Movistar started this year’s Tour de France with three leaders and with the billing as the team with the strongest chance of breaking Team Sky’s stronghold on the race. Almost two weeks in, the Spanish team’s overall challenge is still struggling to come together.
The team was caught out when echelons formed in the opening kilometres of stage 14 on Saturday, and though they maintained their overall positions of sixth and eighth, respectively, Mikel Landa and Nairo Quintana did not have the legs to follow the top four on the steep Cote de la Croix Nueve. Having given away 47 seconds on the Alpe d’Huez, Quintana did show some signs of recovery in Mende.
The Colombian limited his losses to 18 seconds to Primoz Roglic (LottoNL-Jumbo), and 10 to Chris Froome, Geraint Thomas (Team Sky) and Tom Dumoulin (Team Sunweb). Quintana took some solace in that and said that the cooler weather of 22 degrees helped him perform better.
“The most important thing today is that I’m back to the pace of the strongest riders, and it’s even more rewarding to see myself so close on such a steep finish," Quintana said. "I lacked some energy in the final part, but I’m satisfied with my effort. It was also significant for the result that we didn’t have the same heat in the final as we did before. In the most intense efforts, my body reacts better in these conditions. Let’s hope we enjoy this weather in the final week.
“Our confidence remains high, we won’t settle. We’ve got to keep fighting to take some victory or achieve some of the goals we had before the start. We’ve lost time, but we’re not surrendering.”
Landa saw his turn of fortunes head in the opposite direction to Quintana. The Spaniard had managed to hold the top riders to seven seconds on the much tougher ascent of the Alpe d’Huez, but the shorter, punchier climb to the Aerodrome undid him slightly, and he lost 29 seconds to Froome et al. It wasn’t before he tried upping the pace of the front of the group of favourites to see how they were feeling.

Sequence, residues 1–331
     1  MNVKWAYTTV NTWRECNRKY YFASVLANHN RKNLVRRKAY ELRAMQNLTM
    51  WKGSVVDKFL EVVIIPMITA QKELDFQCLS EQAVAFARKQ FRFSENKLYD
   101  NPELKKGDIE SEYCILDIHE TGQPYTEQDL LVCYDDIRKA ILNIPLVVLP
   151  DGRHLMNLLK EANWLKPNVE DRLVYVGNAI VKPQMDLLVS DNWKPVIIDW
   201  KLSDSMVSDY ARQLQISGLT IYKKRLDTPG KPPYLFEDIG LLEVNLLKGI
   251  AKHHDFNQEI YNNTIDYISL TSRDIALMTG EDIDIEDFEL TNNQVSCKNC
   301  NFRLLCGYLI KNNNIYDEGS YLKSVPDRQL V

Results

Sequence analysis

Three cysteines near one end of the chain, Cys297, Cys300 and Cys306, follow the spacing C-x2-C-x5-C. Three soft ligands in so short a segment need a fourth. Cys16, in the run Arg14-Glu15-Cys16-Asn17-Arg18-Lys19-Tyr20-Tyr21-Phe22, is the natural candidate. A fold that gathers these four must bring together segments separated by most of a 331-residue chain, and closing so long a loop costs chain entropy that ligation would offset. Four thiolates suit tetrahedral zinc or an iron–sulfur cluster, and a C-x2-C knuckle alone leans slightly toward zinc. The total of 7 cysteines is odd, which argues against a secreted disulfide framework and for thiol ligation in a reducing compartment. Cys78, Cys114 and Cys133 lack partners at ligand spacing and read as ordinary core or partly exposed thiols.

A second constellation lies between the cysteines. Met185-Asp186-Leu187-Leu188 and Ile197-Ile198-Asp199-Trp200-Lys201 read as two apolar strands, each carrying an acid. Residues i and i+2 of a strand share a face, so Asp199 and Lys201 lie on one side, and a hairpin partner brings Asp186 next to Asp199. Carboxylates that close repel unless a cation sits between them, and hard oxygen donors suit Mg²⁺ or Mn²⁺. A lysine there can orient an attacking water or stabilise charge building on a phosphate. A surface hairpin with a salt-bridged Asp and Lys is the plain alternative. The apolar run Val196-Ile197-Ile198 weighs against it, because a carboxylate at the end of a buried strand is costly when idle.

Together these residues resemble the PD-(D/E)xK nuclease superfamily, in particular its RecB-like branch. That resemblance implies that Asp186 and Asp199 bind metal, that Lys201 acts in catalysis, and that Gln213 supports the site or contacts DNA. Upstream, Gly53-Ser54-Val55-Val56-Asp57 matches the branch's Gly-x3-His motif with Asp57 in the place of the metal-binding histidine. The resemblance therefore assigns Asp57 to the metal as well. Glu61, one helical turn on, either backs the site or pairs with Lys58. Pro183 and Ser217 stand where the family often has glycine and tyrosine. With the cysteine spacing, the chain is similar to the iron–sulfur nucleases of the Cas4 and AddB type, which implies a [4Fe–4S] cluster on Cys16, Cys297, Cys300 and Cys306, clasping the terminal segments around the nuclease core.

“I wanted to give it a try, to see what my chances were and check who was doing better or worse inside that group, but in the end, the one with the worst legs was me,” he said with a wry laugh. “I was too optimistic with that move, and I paid my effort. I was lucky to have Alejandro Valverde in that group. He worked so hard in the finale to help me not lose time.”
Almost a week on from getting into a scrape with the tarmac of Northern France on stage 9, Landa is still having to work through the pain. More than most, he is eager to get to the second rest day and give his back some much needed R&R.
“My back still hurts quite a bit,” Landa said. “I just want for the rest day to come, so I can recover better. The wear and tear from the two weeks of racing, my crash last Sunday, it all combines to make me suffer. My main goal is to recover and then see what we can do in the Pyrenean stages.”
Born in Ireland to a cycling family and later moved to the Isle of Man, so there was no surprise when I got into the sport. Studied sports journalism at university before going on to do a Masters in sports broadcast. After university I spent three months interning at Eurosport, where I covered the Tour de France. In 2012 I started at Procycling Magazine, before becoming the deputy editor of Procycling Week. I then joined Cyclingnews, in December 2013.
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